Friday, September 10, 2010

September 2010 Graduation

Lady is under Supervised Separation.

Ceasar is a now proud Canine Good Citizen

Dakota lets her ears be checked.

Frankie demonstrates "Down"

Kilo finishes his STAR puppy test

Lady and Frankie celebrate their CGC with pupcakes!
Lady is a proud Canine Good Citizen.
Trina and Ceasar have one last moment.

Sunday, May 23, 2010

May 2010 Graduation and PAWTY

Congrats to all of our new STAR Puppies and Canine Good Citizens. They all worked hard for last six weeks and it has paid off. After testing was over the dogs celebrated with pupcakes and the humans celebrated with cake.

Wednesday, March 24, 2010

Responsible Pet Owners

Owning a dog is a serious commitment. You become responsible for making sure that your dog has access to any medical care that is needed, including preventive care. Puppies should be taken to the veterinarian early for deworming and vaccinations such as Parvo, Rabies, Distemper and Bortadella. Different breeds have different nutritional needs as well as health issues. Your vet will help guide you in finding the right food for your new family member and making sure you know what other issues you should be on the lookout for.

You are also responsible for making sure your dog is well socialized and has good manners. This means not only that he doesn't bite and does a sit and stay, but that he doesn't jump on people, allows the vet or groomer to touch him as needed and does not bark and lunge.

Last week Training by Trina held another AKC STAR Puppy Graduation and Basic Obedience Graduation. Our Basic Obedience dogs and their humans took the extra step and chose to take the AKC Canine Good Citizen (CGC) test. As part of both the AKC STAR Puppy and Canine Good Citizen tests the owners sign the Responsible Pet Owner Pledge, showing that they are committed to being good dog "parents".


I understand that to truly be a Canine Good Citizen, my dog needs a responsible owner. I agree to maintain my dog’s health, safety, and quality of life. By participating in the Canine Good Citizen test, I agree:
I will be responsible for my dog’s health needs. These include:
• routine veterinary care including check-ups and vaccines
• adequate nutrition through proper diet; clean water at all times
• daily exercise and regular bathing and grooming
I will be responsible for my dog’s safety.
• I will properly control my dog by providing fencing where appropriate, not letting my dog run loose, and using a leash in public.
• I will ensure that my dog has some form of identification (which may include collar tags, tattoos, or microchip ID).
I will not allow my dog to infringe on the rights of others.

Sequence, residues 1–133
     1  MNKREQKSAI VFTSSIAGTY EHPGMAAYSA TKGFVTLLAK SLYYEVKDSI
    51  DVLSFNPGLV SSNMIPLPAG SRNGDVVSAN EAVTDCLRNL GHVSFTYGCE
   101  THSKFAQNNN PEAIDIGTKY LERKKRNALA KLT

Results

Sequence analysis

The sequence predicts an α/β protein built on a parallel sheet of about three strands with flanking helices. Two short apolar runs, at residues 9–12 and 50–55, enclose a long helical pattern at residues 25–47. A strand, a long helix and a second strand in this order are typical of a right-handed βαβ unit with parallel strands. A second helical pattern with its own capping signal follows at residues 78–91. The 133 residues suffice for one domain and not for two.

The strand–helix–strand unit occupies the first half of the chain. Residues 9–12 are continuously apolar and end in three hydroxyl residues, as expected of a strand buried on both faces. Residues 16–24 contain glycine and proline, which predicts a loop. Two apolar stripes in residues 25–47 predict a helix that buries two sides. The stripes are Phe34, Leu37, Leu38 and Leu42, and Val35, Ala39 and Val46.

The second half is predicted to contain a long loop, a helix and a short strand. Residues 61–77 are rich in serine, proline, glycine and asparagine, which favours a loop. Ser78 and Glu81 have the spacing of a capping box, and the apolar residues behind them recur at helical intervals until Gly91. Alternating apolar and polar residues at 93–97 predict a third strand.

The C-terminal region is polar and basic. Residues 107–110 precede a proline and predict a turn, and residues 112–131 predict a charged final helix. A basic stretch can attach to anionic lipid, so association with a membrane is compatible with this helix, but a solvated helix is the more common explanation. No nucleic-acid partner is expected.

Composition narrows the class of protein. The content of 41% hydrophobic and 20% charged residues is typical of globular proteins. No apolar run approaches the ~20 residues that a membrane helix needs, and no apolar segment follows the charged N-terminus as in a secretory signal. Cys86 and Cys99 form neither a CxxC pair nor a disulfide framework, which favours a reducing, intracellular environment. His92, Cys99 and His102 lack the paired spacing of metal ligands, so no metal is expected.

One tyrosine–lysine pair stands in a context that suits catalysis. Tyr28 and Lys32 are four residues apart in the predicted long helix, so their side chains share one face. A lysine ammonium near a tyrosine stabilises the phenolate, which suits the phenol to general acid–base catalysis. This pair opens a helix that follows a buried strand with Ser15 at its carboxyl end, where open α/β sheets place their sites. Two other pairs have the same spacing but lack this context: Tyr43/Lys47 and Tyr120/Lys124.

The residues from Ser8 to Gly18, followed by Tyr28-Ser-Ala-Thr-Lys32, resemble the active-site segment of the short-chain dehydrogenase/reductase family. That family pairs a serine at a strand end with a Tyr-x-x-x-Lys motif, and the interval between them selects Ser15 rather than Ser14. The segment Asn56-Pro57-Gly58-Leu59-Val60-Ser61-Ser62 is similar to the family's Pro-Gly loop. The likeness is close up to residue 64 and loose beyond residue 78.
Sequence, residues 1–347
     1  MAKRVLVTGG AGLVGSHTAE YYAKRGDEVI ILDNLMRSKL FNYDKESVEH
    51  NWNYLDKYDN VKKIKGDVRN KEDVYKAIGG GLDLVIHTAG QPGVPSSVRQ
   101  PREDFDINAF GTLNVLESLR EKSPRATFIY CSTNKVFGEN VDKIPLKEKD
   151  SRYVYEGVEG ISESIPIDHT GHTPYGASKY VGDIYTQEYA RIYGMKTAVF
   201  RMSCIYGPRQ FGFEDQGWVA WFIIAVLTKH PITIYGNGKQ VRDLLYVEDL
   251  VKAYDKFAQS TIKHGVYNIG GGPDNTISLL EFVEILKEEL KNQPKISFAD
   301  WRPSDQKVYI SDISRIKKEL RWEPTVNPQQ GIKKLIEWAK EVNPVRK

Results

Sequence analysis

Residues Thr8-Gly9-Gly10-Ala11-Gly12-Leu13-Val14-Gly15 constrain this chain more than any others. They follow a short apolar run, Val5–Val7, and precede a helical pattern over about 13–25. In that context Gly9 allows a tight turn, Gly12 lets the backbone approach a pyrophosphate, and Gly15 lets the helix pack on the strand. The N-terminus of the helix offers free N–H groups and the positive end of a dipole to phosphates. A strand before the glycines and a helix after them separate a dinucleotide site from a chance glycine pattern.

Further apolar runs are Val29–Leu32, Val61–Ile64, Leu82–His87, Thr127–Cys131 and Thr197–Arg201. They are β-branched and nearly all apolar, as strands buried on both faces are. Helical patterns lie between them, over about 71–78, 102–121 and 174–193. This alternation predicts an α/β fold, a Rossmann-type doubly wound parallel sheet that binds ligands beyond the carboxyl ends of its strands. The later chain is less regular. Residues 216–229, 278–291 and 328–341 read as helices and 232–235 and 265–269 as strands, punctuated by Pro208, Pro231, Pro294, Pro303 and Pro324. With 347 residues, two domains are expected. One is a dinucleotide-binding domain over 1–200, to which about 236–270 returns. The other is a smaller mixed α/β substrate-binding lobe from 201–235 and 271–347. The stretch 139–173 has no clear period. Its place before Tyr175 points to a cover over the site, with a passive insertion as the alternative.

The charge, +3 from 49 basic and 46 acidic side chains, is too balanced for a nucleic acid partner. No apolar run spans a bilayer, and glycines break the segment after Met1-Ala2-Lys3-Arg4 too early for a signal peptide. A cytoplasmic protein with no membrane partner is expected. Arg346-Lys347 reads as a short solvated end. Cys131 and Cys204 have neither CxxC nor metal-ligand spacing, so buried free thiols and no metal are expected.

• I will not allow my dog to run loose in the neighborhood.
• I will not allow my dog to be a nuisance to others by barking while in the yard, in a hotel room, etc.
• I will pick up and properly dispose of my dog’s waste in all public areas such as on the grounds of hotels, on sidewalks, parks, etc.
• I will pick up and properly dispose of my dog’s waste in wilderness areas, on hiking trails, campgrounds and in off-leash parks.
I will be responsible for my dog’s quality of life.
• I understand that basic training is beneficial to all dogs.
• I will give my dog attention and playtime.
• I understand that owning a dog is a commitment in time and caring.

Saturday, February 20, 2010

The Brat Zone

Have you ever noticed all of the dogs offered on yard sale sites or sitting in shelters that are around 6 months of age? There is a reason for this. That cute puppy that followed you around and did everything and anything you wanted suddenly seems to have gone deaf and is destroying your home and sanity. It is similar to dealing with a human teenager, right down to the hormone shifts and maybe even acne. (If you are planning to spay or neuter, this is the ideal time for it.)

We call this the Brat Zone and it starts around 4 months of age and usually lasts until they are 6 months old, but can go longer. Just like we mature at different rates, dogs do, too. During the Brat Zone your puppy will try to establish his position in your pack and show what appears to be downright defiance. He will test you to see what type of behavior you will or will not allow. He will also be working on getting his adult teeth in and losing his baby teeth, so he will want things to chew on to relieve that pressure.
Lots of Nylabone or Kong style chew toys will give him the relief that he is looking for and distract him from chewing on your shoes or furniture. There are also bitter sprays to deter him as well. If you don’t crate train you should at least consider limiting how much freedom he has to roam when unsupervised by using strategically placed baby gates.

The recall command will often be ignored and at this point he might even be looking for ways out of the yard, either by digging under a fence or jumping over. You’ll need to keep a close eye to prevent that behavior. Make sure your fenced yard is secured. Keep him on a leash if your yard is not secure. Don’t forget to continue practicing his recall command inside with a game of hide and seek.

Keep up with his training but don’t get frustrated if he is distracted. End with a command you know he will do, usually a sit, and call it good. Start over when you are both in a better mood. Remember, this phase will pass. With a firm resolve and lots of patience your puppy will mature and you will go on to build a terrific relationship with your dog.

Monday, January 11, 2010

Graduation and Pawtee

Sunday was a Big Day in the Ladies Training Guild, with our base STAR Puppy and Basic Obedience classes graduating. Many of the students chose to take the AKC Canine Good Citizen test and they all passed with flying colors!!!

Enjoy the pics of our testing and pawtee!

And all pawtiers had cake!!!